I was just one, in 1986, when this strange guy from London called Andrew Lloyd Webber composed one of the greatest musicals ever, The Phantom of the Opera, and nineteen when Joel Schumacher directed the movie based on this theatrical piece. After seven years, I have to thank that day I went to the cinema to watch this movie, and found such a thrilling, sad and complete music, because it was the beginning of a life experience that brought me to have now more than 40 musicals in my music library and to have assisted to a lot of performances all around Europe.
I was twenty-three the first time I saw The Phantom of the Opera in London, at Her Majesty’s Theatre, in 2008. I knew the music and the lyrics by hearth, by that time, having listened to it tens and tens of times, I knew the story and I saw so many photos that I thought I knew everything. But words cannot describe the thrill every single note created on my back, the pain that arose for all the suffering The Phantom showed, the jump I had when the chandelier fell on the public – yes, on the public, some centimetres from the heads of everybody. It is a show that has been running for many years, more than twenty, and, like other musicals such as Les Misérables, the directing has little changed from the beginning, but there is no boredom ever, there is always a surprise. Always a thrill.
I was twenty-six when The Phantom feasted, on October 9th 2011, its 25th anniversary. The big concert set for this occasion was held at the Royal Albert Hall on October 2nd, and not a single show was scheduled, but two, one in the afternoon and one in the evening. I had been searching for the tickets for months, but I must admit that the prices were prohibitive – they even touched hundreds of pounds. But England has this strange and lovely habit: such important spectacles are also shown in cinemas, in live broadcasting. I was there, at the cinema, sit with a dear friend of mine, when the clapping began to resound everywere, in this incredibly Dolby Surround effect that emprisoned us, made us one with the music. And everything began. Ramin Karimloo as The Phantom, Sierra Boggess as Christine and Hadley Fraser as Raoul created magic one more time. It was an astonishing scene construction, a tremendous game of lights and of colours: with just a single, not turning stage and two surrounding stairs the Opéra Garnier was recreated, its ballet performed with a blinding twist of modernity and classicism, and from an upper stage the orchestra filled with its accompaniment a whole theatre that stood silent and immote watching the miracle happening once again.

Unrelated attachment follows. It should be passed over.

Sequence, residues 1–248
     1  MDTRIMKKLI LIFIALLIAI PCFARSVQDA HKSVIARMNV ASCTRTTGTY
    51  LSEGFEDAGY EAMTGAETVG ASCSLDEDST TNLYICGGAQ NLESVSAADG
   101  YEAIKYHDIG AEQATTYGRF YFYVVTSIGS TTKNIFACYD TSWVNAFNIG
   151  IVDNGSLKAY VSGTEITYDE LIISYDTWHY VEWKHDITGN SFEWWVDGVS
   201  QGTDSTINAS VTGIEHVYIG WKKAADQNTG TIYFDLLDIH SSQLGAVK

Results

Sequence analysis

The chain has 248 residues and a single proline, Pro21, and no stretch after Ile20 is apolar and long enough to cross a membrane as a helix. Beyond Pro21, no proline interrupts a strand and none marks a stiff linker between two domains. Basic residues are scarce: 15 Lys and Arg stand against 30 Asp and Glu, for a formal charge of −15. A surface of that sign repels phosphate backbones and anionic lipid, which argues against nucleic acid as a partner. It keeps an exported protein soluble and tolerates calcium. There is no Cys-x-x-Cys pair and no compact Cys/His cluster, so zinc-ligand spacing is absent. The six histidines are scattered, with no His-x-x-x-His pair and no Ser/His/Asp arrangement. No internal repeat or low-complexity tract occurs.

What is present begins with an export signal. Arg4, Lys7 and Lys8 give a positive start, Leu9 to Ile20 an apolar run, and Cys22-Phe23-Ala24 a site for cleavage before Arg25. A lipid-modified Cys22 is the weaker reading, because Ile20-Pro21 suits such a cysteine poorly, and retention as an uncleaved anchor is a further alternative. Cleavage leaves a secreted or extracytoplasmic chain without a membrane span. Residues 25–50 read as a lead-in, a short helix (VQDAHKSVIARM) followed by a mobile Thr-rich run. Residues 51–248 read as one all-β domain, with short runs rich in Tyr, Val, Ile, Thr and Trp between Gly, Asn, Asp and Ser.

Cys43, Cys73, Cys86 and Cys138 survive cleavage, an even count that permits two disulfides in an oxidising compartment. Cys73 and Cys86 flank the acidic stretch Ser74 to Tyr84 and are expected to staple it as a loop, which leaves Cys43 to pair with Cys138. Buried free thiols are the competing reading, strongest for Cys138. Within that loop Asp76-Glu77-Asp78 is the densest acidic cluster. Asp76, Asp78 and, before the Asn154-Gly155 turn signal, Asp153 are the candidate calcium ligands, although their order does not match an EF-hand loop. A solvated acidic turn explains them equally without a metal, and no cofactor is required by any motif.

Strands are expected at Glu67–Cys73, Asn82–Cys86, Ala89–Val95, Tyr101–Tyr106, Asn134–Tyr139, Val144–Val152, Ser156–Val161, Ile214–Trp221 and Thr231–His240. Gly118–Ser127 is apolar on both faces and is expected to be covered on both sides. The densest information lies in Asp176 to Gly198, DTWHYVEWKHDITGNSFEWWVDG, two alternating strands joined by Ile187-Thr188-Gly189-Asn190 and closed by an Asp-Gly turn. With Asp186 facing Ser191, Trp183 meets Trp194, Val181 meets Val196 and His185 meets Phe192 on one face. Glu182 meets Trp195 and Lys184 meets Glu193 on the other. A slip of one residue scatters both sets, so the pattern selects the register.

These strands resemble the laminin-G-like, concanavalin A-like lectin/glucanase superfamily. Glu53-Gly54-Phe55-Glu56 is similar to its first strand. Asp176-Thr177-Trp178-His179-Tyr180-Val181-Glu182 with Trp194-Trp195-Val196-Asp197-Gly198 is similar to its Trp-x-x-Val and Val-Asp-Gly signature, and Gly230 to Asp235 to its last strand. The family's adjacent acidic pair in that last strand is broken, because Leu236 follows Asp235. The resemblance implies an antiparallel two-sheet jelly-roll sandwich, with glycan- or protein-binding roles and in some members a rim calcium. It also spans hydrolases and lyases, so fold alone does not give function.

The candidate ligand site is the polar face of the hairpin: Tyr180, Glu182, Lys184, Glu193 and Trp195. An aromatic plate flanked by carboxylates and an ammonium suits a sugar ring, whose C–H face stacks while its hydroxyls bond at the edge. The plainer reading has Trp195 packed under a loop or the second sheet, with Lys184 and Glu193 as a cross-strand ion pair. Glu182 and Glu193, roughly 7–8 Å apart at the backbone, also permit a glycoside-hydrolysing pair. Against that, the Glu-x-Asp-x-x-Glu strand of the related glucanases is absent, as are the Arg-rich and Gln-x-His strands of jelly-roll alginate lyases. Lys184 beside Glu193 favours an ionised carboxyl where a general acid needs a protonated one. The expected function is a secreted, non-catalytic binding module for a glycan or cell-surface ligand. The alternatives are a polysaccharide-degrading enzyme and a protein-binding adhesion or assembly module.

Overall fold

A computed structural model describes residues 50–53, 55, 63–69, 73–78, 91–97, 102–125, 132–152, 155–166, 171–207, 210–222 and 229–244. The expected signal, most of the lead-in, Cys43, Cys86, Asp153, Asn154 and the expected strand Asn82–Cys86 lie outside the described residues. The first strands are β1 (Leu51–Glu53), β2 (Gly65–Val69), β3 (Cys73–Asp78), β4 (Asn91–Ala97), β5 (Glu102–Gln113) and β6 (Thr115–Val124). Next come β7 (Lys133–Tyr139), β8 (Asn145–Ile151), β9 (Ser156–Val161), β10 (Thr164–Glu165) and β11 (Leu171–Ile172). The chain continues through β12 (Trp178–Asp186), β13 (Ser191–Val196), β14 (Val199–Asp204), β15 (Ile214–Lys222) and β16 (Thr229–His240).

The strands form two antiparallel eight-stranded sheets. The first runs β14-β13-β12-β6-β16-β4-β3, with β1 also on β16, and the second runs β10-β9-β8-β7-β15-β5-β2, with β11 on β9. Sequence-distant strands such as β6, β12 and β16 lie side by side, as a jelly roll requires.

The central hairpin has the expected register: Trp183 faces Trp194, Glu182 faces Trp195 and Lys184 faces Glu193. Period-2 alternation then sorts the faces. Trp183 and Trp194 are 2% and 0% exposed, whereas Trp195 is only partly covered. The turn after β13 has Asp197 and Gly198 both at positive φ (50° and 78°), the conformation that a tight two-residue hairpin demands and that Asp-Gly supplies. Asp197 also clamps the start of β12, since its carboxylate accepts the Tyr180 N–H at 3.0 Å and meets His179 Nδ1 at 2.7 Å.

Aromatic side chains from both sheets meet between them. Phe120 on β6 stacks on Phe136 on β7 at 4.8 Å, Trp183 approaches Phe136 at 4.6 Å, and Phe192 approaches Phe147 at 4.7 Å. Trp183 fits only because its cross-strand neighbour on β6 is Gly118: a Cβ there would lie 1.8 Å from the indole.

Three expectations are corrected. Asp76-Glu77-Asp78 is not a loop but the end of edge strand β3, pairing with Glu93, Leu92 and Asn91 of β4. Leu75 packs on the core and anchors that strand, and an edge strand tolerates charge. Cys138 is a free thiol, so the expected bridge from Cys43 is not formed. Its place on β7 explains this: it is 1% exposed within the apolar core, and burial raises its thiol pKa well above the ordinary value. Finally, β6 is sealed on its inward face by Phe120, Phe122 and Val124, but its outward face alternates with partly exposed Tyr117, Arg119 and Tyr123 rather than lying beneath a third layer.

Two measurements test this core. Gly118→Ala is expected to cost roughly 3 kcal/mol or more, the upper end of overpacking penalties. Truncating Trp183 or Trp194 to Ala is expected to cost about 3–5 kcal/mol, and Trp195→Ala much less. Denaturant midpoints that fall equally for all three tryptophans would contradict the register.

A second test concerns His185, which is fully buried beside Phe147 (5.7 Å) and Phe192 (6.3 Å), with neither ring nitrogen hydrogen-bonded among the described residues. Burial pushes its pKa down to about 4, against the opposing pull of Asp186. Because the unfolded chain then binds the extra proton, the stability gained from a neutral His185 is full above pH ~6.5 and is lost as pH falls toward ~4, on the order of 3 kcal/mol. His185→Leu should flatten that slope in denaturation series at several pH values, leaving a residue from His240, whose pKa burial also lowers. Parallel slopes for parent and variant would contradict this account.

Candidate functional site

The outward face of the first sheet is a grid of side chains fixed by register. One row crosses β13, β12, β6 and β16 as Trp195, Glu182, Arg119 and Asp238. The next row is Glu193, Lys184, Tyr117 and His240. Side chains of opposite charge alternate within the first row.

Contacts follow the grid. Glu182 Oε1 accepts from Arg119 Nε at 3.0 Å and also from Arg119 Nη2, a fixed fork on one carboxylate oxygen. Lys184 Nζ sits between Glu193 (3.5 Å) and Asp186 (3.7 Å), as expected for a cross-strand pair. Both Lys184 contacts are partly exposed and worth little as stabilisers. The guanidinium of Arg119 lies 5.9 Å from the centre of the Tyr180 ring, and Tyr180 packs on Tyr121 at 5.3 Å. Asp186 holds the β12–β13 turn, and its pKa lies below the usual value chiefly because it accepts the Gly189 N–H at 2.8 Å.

Yes, I think that the word “miracle” is not an abuse. I think that the crying I heard in the cinema and in the Hall when, at the end, The Phantom sings to Christine that she alone can make his song take flight had always been and will always be integral part of this never-ending show. I think that the gasp that fills the air every time that Christine takes the mask away from The Phantom is something that exceeds sense and logic. At the concert, the amazing stage design by Matt Kinley, inspired by Maria Björnson’s original work in 1986, the lighting by Patrick Woodroffe and Andrew Bridge, the orchestral direction by Laurence Connor were just completed not only with the amazing performances of the singers, but also with the guest stars: Andrew Lloyd Webber himself appeared, at the end of the show, introducing Sarah Brightman, the first Christine and his ex-wife, for whom the role was created, and Michael Crawford, the first incredible Phantom. And, as a recall to what had been done for the 25th anniversary of Les Misérables, a final quatuor completed the psychological moving and incredible thrilling of all the spectacle: John Owen Jones, Colm Wilkinson, Peter Jöback and Ramin Karimloo, together with Sarah Brightman, performed the song Phantom of the Opera (the one everybody knows, yes, you too, with that repeting note!) and then Music of the Night, the credo of the Phantom himself.
The DVD has now been released, and the videos are all around the web. The success has been extraordinary, and it has set just the beginning of a new era for is the longest-running Broadway, the second longest-running West End musical, and the third longest-running West End show overall.
What I know is that when I am already waiting for the moment I will be 51, and we will all celebrate the 50th anniversary. Because the music of the night will never be over.
MORE INFO: www.thephantomoftheopera.com